In an article entitled, “A Great Migration from Puerto Rico is Set to Transform Orlando,” the New York Times reported that “More than 168,000 people have flown or sailed out of Puerto Rico since the hurricane, landing at airports in Orlando, Miami and Tampa, and the port in Fort Lauderdale…an additional 100,000 are booked on flights to Orlando through Dec. 31.” The title of the article very deliberately invokes the so-called “Great Migration” of Puerto Ricans to New York City in the 1950s, the wave of economic migration in which my own parents participated.
The aftermath of Hurricane María is significantly exacerbating what has been an ongoing trend, with Puerto Rico experiencing a net loss of nearly 450,000 people between 2005 and 2015, the majority for job-related reasons, a consequence of the island’s ongoing economic crisis. The Diaspora is growing larger, while the island’s population is in alarming decline. Interviewed by the New York Times, Mr. Edwin Aponte, from the hard-hit south-central town of Coamo, wondered out loud “if the sluggish and inadequate emergency response was not by design.” Land, he said, was now less expensive, and outside investors had been circling even before the hurricane. “For me, Mother Nature just helped the gringos move forward to where we will be a minority in our own land.” He goes on to express his concern that Puerto Rico “will become Hawaii, an overpriced place controlled by white people while bomba dancers do demonstrations for tourists.”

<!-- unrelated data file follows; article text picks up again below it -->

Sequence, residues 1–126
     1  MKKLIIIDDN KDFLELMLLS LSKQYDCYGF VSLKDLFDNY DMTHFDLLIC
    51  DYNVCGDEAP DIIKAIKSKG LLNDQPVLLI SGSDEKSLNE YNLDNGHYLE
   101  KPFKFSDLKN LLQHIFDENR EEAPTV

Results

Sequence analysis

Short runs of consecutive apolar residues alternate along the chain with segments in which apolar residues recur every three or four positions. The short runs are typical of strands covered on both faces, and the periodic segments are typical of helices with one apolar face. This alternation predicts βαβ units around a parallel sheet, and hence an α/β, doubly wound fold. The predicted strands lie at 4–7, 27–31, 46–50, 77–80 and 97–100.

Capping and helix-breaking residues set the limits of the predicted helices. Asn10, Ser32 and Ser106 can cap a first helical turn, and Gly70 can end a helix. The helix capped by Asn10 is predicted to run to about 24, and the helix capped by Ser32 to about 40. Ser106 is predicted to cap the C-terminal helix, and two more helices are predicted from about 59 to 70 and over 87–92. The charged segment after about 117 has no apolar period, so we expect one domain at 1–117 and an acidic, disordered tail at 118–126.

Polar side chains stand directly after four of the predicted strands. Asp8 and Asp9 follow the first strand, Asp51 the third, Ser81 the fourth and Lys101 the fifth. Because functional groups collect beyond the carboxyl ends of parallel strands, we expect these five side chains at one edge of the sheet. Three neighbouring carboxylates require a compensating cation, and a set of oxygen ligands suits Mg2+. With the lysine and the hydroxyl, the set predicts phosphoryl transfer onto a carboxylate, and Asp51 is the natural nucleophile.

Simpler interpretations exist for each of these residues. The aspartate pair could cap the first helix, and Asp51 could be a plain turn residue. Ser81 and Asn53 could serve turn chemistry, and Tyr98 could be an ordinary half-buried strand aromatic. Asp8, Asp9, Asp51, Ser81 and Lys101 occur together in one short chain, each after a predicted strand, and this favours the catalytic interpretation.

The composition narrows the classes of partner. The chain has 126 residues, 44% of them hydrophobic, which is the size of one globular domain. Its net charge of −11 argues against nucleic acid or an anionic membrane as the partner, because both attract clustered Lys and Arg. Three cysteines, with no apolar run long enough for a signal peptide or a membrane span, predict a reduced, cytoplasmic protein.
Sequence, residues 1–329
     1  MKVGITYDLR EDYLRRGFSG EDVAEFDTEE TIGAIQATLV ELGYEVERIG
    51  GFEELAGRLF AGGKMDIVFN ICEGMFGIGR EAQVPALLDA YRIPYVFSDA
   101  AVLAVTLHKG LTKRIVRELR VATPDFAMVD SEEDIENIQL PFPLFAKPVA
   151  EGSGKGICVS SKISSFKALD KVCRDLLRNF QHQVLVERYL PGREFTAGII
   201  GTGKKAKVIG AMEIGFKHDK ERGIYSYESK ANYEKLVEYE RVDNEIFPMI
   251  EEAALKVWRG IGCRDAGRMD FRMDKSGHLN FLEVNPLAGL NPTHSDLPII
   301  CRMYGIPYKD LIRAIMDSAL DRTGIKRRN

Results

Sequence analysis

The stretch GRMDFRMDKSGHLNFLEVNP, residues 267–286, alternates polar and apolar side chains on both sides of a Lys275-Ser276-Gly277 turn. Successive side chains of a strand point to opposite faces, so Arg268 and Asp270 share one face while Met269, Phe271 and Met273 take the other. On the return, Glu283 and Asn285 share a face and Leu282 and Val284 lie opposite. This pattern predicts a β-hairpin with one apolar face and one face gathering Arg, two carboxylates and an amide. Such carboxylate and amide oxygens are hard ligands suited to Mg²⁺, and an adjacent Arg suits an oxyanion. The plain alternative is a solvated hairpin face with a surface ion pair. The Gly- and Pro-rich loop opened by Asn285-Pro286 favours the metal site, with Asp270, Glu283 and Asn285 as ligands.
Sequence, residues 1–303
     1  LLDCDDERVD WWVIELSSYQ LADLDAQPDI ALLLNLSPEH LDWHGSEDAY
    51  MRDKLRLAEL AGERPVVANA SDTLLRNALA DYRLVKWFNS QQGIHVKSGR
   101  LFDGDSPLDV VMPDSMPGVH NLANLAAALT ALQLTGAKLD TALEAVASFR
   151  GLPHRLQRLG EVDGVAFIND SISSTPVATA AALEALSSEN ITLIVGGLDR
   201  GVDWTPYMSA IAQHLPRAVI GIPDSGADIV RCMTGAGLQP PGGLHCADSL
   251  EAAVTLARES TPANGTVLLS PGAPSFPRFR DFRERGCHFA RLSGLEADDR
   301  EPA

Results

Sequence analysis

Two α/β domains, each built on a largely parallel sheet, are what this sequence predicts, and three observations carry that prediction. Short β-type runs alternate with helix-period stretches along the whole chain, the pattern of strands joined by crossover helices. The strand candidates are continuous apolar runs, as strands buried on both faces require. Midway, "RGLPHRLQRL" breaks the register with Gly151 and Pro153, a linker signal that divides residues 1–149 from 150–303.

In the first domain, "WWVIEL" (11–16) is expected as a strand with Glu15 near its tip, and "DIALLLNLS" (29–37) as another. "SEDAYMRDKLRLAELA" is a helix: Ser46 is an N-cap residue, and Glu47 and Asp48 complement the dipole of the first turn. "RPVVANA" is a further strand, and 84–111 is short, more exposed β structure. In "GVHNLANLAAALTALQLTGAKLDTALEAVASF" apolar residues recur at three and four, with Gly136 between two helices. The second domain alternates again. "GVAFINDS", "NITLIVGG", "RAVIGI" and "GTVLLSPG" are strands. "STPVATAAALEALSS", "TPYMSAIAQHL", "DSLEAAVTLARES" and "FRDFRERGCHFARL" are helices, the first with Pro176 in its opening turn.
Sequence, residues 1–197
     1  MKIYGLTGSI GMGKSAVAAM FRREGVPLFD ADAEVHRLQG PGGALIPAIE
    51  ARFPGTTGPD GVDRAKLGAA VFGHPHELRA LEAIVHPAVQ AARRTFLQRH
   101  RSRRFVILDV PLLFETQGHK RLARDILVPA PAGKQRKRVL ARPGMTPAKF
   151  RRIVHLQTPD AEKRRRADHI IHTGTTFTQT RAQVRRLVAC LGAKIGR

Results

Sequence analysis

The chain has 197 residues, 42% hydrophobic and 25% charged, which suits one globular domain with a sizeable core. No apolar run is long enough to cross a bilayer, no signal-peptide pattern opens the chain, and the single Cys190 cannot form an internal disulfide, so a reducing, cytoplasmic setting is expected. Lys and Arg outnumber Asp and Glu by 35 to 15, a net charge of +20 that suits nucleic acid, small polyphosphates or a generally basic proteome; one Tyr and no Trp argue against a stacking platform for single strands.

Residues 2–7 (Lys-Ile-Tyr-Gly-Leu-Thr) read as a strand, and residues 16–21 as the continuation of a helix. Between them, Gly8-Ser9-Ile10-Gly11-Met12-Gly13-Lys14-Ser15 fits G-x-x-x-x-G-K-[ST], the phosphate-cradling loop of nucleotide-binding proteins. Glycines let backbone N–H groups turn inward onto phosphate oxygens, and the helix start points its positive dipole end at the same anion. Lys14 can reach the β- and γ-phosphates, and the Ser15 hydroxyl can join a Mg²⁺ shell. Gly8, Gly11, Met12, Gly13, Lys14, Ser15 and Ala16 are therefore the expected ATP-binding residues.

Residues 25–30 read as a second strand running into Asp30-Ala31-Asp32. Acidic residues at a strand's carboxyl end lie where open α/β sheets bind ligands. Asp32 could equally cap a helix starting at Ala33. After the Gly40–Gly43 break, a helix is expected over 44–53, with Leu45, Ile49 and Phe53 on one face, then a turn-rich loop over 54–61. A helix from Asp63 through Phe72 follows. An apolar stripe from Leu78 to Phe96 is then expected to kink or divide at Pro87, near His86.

What, then, is the responsibility of those of us who belong to the Puerto Rican diaspora? Participation in disaster relief efforts is only the beginning. Recovery, rebuilding and reconstruction are longer-range objectives, with a rethinking and a reconfiguration of US policies towards and the US relationship with Puerto Rico and Puerto Rican self-determination as the foundational issue that must be addressed. The political clout of the Puerto Rican Diaspora needs to be mobilized. Consider Florida, for example, which Trump won in the 2016 presidential race by only 112,000 votes out of a total of 9.6 million votes. What difference will the hundreds of thousands of newly-arrived Puerto Ricans in Florida make in 2020, since those of us who live in the mainland US are eligible to vote in the presidential elections?
As scholars of religion, we are by no means exempt from participating actively in that political process. Yet I would also insist that Puerto Rican scholars of religion on the island and in the Diaspora share a responsibility that is specifically our own at this crucial moment. Just as activist thinkers in earlier decades lent their voices to shaping and mobilizing a distinctively Puerto Rican identity that resisted the colonization of Puerto Rican bodies and minds and souls, our own times call for teaching and writing that focus without flinching on the situation at hand. Because we are scholars of religion, it is not up to us to merely chronicle the present crisis as it unfolds, but instead to participate through what we write and what we teach in the dismantling of the underpinnings of coloniality, to challenge a status quo that is killing the bodies and the souls of our people, to call to deep accountability the powers of church and state, and to dare to imagine—together with our poets, our artists and our musicians—a different and life-giving way of being.